Curb Your Paper Clutter!
Curb Paper Clutter at Home
The weakness of both systems is that you may handle each piece of paper three or four times before you're done with it. Inefficient! And you often end up keeping hundreds of pages per year that you don't need. Here's how to streamline your system and get out from under the pileup.
I am a...FilerPiler
|What's Really Happening||You are a saver. You like to hang on to everything from financial records to magazine articles.||You are using paper as a visual to-do list. "Seeing a bill reminds you to pay it," says Lorie Marrero, author of The Clutter Diet.|
|Your New Goal||To sharply limit which papers get filed and begin emptying out old files.||To simplify your system for processing incoming paper, which will prevent piles.|
|Your New Strategy||Corporate productivity guru David Allen, author of Getting Things Done, says that all incoming stuff should be handled in one of four ways:|
The 2-minute handoff:If you're holding a paper and it will take only a couple of minutes to do what needs to be done, do it right now. Call that company or jot out that quick thank-you note, then throw out the paper.
Shred/recycle it:Unwanted pages immediately get tossed. Shred anything with identifying bank or Social Security numbers on it. (Some people like to shred anything with their name and address on it, says Marrero.) Use the recycling bin for catalogs, magazines and newspapers—just be sure to rip off the mailing label first.
Put it in the reading bin:For magazines or catalogs you'd like to go through.
Put it in the action bin:This shallow inbox (no more than 6 or 7 inches deep) is for all papers that require action, such as paying a bill or filing. Make a 20-minute date with yourself twice a week to process every item in the bin. You are not done until the box is empty.How to Handle the BacklogMake three 2-hour dates with yourself and go through your files to empty out unneeded pages. Get rid of every paper that you haven't looked at in two years or more, and don't need. (We're talking crumpled recipes and old notes-to-self.) If it's financial or tax-supporting documents, check with your accountant. When the Action Bin starts to overflow, schedule an extra Action Bin date. You are hereby banned from labeling folders "Miscellaneous" or "General." "You'll never remember what's in there," says Marrero. Instead, name the folder accurately ("Letters from Grandma").
Keep for a WhileHow Long?Why?
|ATM Receipts||1 month||Shred as soon as you confirm that your monthly statement is accurate. Be sure to shred them, since some include your full bank account number.|
|Bank Statements||1 year||Once your checking and savings accounts have been reconciled, scan bank statements and save for a year. Consult your accountant about keeping originals if you need to prove tax deductions. Save annual statements for 7 years in case you get audited.|
|Credit Card Statements||1 year||Once you've confirmed that the statement is accurate, keep it long enough to make sure that any returns are noted (if you're claiming expenses as tax write-offs, save it until tax time). Request the annual statement and keep it for 7 years.|
|Loan and Mortgage Statements||1 year||Wait until the year-end statement arrives, then shred the monthly or quarterly statements. Continue doing this until the loan is paid off in full. Save mortgage tax forms for 7 years.|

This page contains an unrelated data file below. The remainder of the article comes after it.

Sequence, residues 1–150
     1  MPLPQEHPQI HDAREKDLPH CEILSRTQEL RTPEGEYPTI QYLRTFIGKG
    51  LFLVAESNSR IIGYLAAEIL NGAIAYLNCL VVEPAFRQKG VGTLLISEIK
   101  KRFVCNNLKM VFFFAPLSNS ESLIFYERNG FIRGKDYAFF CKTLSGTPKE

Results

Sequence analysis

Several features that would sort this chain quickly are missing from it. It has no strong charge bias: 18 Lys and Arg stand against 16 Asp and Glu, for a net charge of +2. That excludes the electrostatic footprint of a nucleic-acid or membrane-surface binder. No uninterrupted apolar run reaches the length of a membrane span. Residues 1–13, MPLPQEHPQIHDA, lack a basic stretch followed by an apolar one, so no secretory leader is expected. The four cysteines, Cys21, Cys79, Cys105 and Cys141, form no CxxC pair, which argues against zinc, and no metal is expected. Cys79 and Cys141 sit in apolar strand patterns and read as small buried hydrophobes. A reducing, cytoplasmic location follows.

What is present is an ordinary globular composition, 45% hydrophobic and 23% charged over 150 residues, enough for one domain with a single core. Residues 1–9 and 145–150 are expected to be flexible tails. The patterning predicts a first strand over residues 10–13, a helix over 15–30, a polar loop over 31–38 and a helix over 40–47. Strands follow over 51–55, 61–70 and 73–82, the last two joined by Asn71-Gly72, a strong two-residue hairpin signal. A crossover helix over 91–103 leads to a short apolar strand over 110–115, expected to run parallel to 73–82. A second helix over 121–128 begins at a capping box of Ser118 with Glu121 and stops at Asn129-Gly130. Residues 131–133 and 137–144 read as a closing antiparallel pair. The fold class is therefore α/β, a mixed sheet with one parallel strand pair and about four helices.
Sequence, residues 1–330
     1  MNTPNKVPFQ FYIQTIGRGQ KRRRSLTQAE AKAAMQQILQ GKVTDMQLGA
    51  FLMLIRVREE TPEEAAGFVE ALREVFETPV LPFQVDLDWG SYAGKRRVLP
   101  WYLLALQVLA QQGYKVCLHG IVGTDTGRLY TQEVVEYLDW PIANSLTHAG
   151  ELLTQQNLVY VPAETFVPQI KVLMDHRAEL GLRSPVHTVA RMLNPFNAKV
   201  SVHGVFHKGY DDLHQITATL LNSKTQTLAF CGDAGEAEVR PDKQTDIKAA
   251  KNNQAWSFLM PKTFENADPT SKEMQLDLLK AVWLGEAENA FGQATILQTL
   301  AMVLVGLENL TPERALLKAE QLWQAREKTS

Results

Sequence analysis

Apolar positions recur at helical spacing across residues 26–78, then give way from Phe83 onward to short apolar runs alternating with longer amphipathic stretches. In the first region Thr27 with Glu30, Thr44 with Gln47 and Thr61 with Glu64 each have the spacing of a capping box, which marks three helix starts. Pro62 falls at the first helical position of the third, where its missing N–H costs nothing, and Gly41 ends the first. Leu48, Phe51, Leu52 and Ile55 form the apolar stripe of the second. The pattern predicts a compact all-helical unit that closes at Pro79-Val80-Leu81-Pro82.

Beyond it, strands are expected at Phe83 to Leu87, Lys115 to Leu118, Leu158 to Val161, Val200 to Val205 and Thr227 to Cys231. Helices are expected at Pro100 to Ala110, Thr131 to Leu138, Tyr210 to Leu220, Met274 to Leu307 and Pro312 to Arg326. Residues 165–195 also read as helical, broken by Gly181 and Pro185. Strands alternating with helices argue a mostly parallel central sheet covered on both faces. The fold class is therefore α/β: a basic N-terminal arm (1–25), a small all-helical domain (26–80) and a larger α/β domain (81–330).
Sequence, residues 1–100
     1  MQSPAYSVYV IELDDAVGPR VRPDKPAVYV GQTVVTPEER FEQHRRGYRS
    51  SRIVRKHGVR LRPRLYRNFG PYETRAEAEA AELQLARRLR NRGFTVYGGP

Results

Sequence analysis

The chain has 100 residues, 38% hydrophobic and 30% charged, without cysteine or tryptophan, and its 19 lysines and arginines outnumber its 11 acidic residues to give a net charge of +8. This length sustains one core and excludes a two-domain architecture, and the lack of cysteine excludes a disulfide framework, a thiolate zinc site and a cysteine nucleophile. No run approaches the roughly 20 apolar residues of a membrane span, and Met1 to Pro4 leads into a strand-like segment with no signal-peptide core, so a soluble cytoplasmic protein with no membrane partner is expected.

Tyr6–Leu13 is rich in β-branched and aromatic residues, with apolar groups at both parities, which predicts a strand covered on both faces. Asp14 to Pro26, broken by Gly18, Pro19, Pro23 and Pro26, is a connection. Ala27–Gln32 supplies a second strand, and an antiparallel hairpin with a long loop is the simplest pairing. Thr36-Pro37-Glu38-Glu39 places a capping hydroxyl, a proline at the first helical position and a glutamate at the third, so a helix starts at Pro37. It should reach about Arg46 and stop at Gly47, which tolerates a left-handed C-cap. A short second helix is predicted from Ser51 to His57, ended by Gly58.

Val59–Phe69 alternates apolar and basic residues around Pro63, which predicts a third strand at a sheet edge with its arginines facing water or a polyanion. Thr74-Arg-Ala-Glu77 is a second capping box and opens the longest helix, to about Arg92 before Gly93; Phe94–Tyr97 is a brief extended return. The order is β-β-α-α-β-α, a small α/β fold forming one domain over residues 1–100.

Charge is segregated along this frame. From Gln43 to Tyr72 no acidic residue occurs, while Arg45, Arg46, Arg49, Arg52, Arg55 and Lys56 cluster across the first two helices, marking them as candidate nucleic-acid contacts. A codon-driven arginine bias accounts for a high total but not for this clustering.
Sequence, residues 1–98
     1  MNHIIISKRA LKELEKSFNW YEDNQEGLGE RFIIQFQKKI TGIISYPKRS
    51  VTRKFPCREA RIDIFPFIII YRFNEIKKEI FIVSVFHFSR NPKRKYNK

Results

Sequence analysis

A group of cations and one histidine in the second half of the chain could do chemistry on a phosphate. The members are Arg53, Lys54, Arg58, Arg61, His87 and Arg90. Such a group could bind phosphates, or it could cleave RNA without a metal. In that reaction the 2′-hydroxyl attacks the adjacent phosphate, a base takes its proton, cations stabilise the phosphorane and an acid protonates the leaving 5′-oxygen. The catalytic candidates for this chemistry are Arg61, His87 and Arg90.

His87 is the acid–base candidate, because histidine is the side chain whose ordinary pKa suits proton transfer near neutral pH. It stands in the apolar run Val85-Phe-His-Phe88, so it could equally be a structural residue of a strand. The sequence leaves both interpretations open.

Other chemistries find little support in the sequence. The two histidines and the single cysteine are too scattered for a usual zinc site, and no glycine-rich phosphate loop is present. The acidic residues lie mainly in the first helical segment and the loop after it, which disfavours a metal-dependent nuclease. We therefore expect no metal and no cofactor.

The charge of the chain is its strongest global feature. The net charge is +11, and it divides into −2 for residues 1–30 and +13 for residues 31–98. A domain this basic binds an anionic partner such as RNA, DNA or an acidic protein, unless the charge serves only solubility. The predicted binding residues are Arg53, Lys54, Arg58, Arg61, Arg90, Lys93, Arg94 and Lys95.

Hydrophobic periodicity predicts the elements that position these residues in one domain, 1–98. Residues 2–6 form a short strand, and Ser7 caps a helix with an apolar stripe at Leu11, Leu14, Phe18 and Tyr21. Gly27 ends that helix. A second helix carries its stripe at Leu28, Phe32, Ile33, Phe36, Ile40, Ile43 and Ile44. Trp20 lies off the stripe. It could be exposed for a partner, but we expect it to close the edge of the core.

|Medical Bills||1 year or until paid off||You'll need them to claim any high costs as tax write-offs. Save unpaid bills until they're paid in full—and then save the final proof of payment for 1 year.|
|Tax Documents||7 years||The IRS generally does not audit back farther than 7 years (as long as no fraud is suspected), so save all documentation (receipts, tax forms, annual income statements) that backs up the information on your tax return for only this long. Note that you can scan tax documents and save them on your computer. Save the returns themselves forever.|
|Home Improvement Bills||Until you sell||Proof of spending can sometimes be used to lower your taxes. And you'll need your bills if the buyer wants confirmation that the new roof really is brand-new.|
|Investment Statements||Indefinitely||For investments, keep all transaction receipts and paperwork and annual statements forever.|
If it's irreplaceable—like the items listed below—store it in a safe-deposit box. (Consider first scanning documents into your computer so you also have a copy.)
Family:Birth and death certificates; baptism and confirmation certificates; marriage certificates; divorce decrees; adoption papers; military service records and discharge papers.
Legal:Wills and medical directives; Social Security cards, citizenship or naturalization records; licenses to practice your profession; trust or power of attorney paperwork. (Make sure a copy of your will is with a trusted family member or that he or she has access to your safe-deposit box.) At home, keep passports (it's not a bad idea to put photocopies of each one in the safe-deposit box); legal case paperwork and contracts (divorces, work contracts); jury duty recognition of service.
Auto and property:Car title and bill of sale; home deed and title insurance policy (if you have a mortgage, the mortgage company has your note); burial plot deeds.
Insurance and investment:Stock certificates; life insurance policy paperwork. At home, keep pension and retirement benefits agreements.
Pay statements:No need to save the weekly or monthly stubs, but do save the annual statements in case you need to show proof of employment.
Video: 5 Things to Get Rid of to Curb Clutter in Your Home
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